Dr Mallon’s area of expertise also include Ageing, Arts, Bodies and Embodiment, Communication, Community Research, Development and Social Change, Family, Intimacy and Relationships, Feminism, Health, Knowledge, Language and Society, Media, Communication, Information and Public Opinion, Medicine, Mental Health and Illness, Methodology, Qualitative research, Risk, Social Movements, Collective Action and Social Change, Teaching Sociology, Visual Sociology, and Women in Society.

    Dr Mallon, who has experience in unit coordination, teaching, and research, is looking for work in teaching (tutorials, seminars, lectures, marking), research (qualitative experience) and consultancy.

    You can email Dr Mallon find out more details via her website.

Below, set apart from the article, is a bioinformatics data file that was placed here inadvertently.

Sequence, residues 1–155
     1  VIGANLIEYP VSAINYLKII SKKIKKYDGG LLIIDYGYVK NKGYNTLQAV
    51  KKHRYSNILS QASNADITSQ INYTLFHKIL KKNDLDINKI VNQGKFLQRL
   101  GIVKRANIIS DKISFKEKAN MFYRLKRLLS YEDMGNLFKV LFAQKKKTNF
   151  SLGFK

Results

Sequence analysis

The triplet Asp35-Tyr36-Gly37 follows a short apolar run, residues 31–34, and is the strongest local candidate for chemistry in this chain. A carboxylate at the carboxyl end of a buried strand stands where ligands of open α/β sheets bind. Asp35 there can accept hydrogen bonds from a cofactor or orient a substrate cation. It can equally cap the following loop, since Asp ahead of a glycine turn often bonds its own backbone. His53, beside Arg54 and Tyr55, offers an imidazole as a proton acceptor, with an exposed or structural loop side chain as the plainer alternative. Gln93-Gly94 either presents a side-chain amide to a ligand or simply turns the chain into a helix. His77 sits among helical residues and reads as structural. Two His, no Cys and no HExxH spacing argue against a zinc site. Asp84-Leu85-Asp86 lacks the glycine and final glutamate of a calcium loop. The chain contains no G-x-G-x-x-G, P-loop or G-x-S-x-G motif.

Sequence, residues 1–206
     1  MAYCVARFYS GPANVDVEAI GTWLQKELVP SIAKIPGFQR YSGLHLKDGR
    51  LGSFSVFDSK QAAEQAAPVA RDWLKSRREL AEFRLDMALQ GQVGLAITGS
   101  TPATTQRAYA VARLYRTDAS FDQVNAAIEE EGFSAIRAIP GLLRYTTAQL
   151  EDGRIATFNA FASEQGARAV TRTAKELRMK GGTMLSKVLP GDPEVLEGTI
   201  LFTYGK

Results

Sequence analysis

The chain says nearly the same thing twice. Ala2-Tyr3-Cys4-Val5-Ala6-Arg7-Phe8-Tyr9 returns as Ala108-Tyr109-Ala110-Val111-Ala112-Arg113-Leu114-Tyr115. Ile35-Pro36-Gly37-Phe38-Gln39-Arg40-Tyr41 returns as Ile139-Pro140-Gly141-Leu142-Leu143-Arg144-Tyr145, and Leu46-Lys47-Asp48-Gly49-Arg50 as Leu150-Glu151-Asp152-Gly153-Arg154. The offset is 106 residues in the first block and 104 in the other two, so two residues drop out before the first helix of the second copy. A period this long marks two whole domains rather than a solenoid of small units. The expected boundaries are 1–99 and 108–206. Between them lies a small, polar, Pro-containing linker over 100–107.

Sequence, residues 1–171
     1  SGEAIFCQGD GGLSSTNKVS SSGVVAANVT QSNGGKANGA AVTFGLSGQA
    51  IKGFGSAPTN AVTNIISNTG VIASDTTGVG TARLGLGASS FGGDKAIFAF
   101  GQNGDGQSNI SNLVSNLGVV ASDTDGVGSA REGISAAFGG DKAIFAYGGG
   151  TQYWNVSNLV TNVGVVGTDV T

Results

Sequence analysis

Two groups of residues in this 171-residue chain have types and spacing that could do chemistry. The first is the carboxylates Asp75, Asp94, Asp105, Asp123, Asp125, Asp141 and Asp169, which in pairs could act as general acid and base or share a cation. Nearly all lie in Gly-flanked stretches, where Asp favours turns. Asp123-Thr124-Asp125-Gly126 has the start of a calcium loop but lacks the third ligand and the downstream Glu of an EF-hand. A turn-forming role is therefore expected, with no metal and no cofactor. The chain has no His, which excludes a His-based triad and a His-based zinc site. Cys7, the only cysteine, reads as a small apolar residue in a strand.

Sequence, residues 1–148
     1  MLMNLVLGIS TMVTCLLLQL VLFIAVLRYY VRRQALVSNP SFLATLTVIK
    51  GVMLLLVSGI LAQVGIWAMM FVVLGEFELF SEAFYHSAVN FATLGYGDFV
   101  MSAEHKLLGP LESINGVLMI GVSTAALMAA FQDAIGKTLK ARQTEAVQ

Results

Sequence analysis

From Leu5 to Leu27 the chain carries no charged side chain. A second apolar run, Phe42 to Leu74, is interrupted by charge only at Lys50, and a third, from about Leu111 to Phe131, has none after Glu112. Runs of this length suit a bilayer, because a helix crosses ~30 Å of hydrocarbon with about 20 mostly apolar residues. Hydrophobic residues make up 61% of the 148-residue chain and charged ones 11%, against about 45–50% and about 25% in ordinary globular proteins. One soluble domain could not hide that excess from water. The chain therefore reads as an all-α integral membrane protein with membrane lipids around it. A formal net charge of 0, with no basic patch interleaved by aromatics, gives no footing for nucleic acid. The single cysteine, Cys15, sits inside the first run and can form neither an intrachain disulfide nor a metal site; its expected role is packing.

• Save the date: Social Sciences Week 2019

    Posted on February 14, 2019

    Social Sciences Week is an opportunity for social scientists to engage non-academic audiences with cutting edge social science research, to showcase the diversity and relevance of social science. It will include interactive community and school-based events, bringing the social sciences to life, particularly for the next generation of university students, social scientists and citizens. We encourage you to plan an event/s for Social Sciences Week this year – 9 – 15 September, 2019.


  • January wrap-up: Books / Book Chapters/Reviews by TASA members

    Posted on February 12, 2019

    Books

    Rick Iedema, Katherine Carroll, Aileen Collier, Su-yin Hor, Jessica Mesman, Mary Wyer (2019) Video Reflexive Ethnography in Health Research and Healthcare Improvement: Theory and ApplicationRoutledge.